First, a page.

But then you walk through the door and you look into my eyes. You slowly take the rope from my fingers, pulling it over my neck. You begin to untangle the knot on the rope without a single word.
I was holding my breath for so long, I wasn’t sure you were real anymore. I wasn’t sure I was real. Finally, I gasp for air. It fills my lungs.
I’m still standing here and I don’t want to let go anymore.
Don’t let me go.
For the first time, you saved me from a pain far worse than just skinned knees.
You were sharp like the shards of glass that once cut my wrists open, but you were far more painful. Your words could tear me down within seconds, only to have you pull me back off the ground. I’m exhausted. Just let me lie here.
I am the splatter of ink beside your table. You write to remember and I write to forget. Your pen hits that black notebook you carry everywhere, and you’ve began to etch the next wound on my skin, the next wound on my heart.
You carefully constructed ways to break me down, so that I could drown deeper into your veins. And when you cut yourself against the same paper you value, I finally escaped and splattered against the bright white floor once again.
“There is no greater agony than bearing an untold story inside you.”
They live deep inside me, where no one can reach them. They hide between crevices, so I try to keep you at a distance, afraid you will get too close and find them. Sometimes, I am afraid I will find them too.
How do you just run away from things that are in your head?
Sometimes my mind is so loud, that every memory comes rushing back, but all that comes out from between my lips is nothing. These thoughts. I used to drown in you, and no one could see me struggling to stay afloat. I just couldn’t stay afloat.
Sometimes I see you trying to open up my pages, and I wish you wouldn’t. But then, just for a moment, I just hope that you would just do it. Open them. Because maybe you’ll read the story differently than I do. And maybe you’ll help me learn how to stay afloat.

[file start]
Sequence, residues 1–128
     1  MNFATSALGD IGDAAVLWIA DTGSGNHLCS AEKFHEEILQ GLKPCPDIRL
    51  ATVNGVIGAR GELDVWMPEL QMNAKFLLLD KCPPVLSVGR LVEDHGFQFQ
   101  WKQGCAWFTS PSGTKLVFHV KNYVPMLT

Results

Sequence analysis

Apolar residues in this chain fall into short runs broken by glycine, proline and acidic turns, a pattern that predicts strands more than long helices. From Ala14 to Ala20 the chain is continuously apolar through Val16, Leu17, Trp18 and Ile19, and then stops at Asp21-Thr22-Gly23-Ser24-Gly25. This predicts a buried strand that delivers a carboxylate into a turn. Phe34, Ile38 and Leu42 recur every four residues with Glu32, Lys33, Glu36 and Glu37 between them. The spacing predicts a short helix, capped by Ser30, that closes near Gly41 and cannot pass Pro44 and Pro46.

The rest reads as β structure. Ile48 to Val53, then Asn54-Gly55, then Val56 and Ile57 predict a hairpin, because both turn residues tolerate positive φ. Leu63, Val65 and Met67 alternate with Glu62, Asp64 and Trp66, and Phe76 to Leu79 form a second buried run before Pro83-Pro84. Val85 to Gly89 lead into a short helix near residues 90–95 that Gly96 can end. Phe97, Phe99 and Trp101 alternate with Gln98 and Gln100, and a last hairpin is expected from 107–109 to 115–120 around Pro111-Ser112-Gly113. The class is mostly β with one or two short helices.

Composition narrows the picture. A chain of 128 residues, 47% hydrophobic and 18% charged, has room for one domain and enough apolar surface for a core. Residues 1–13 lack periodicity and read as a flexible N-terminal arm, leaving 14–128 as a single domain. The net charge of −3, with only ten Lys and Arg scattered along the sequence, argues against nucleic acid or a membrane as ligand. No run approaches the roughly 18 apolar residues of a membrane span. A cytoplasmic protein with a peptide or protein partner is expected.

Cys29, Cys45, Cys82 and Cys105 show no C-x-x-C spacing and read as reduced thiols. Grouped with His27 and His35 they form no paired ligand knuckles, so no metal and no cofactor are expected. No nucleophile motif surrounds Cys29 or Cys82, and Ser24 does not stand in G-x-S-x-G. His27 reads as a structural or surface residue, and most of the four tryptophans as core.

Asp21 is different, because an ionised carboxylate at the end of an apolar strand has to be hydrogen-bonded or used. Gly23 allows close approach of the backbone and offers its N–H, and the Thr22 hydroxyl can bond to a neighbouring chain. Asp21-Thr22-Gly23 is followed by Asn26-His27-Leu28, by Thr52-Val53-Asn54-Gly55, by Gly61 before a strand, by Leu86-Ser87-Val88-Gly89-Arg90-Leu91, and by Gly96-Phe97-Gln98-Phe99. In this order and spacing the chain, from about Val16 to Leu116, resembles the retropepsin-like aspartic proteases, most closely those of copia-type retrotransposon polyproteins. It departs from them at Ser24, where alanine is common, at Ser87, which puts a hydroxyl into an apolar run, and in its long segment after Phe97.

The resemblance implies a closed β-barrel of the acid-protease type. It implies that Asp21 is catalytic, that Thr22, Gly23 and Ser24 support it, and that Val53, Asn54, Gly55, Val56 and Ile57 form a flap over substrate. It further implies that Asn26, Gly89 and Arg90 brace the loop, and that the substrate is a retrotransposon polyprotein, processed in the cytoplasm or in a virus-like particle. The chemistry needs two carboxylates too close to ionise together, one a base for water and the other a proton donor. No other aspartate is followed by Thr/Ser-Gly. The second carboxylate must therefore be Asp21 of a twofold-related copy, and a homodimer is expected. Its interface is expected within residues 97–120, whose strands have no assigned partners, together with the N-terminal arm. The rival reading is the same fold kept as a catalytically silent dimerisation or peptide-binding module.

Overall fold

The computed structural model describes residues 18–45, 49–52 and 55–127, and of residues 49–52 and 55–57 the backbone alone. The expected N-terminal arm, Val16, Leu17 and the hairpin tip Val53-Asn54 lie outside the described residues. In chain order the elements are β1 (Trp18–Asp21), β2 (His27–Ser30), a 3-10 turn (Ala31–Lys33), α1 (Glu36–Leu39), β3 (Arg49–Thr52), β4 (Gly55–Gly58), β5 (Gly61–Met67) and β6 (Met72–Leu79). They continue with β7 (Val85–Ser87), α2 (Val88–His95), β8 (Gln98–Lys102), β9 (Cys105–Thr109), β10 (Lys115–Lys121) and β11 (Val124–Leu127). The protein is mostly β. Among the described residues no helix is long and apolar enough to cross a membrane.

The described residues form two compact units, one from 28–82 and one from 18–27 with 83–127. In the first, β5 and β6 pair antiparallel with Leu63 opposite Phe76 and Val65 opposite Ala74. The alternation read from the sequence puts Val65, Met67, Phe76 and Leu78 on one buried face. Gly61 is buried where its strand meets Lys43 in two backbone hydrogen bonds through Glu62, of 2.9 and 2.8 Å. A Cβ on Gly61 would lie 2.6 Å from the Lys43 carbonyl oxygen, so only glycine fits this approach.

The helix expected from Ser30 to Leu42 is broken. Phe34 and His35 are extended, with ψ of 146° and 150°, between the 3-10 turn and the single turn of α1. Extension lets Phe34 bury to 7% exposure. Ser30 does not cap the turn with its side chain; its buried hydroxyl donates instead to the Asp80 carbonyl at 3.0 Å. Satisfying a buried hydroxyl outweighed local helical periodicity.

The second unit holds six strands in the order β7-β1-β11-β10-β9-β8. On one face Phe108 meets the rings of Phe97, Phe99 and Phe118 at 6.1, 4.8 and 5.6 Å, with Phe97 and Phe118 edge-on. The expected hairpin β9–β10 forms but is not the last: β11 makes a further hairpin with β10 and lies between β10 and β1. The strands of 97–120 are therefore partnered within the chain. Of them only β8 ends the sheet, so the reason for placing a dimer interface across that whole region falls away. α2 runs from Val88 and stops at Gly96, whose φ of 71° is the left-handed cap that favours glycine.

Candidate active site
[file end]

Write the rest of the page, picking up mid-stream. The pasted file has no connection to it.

Tonight, I can write a poem filled with verses just for you. I can write in prose and let the words flow from my fingertips onto this paper as if they were droplets of water slowly sliding down your skin. But I won’t. Instead, I will measure the distance between us.
I lie awake for hours on end, wrestling with my thoughts. I want to be here, next to you, creating dark figures in the middle of the night. Are we playing pretend? I’m afraid I won’t know if you want to leave your shadow next to mine when you wake up.
At this time of night, everything is still, everything is quiet. The only sound I hear is your breathing and the pounding of my heart. Perhaps this could be the most bittersweet moment we share. I can whisper it all in your ear, but maybe I’m just a coward and I won’t.
It’s easy to take refuge in silence, because words reveal too much.
Daylight brings out the chestnut glimmer in your eyes; it highlights your soft skin, the slight bend of your fingers that hold me close to you in the morning. In the morning, my flaws are visible; that scar beneath my lip, those faded marks on my wrist, my slight over bite, the blemish on my chin.
But in the darkness, we are equals.
Our hands, our lips, and fingertips find their way around one another as if by some faint memory we have known each other all along. We spend countless hours sharing our most intimate thoughts, laughing under a crescent moon, exploring our matching scars.
There is beauty in the way our shadows lay side by side tonight, seemingly becoming one.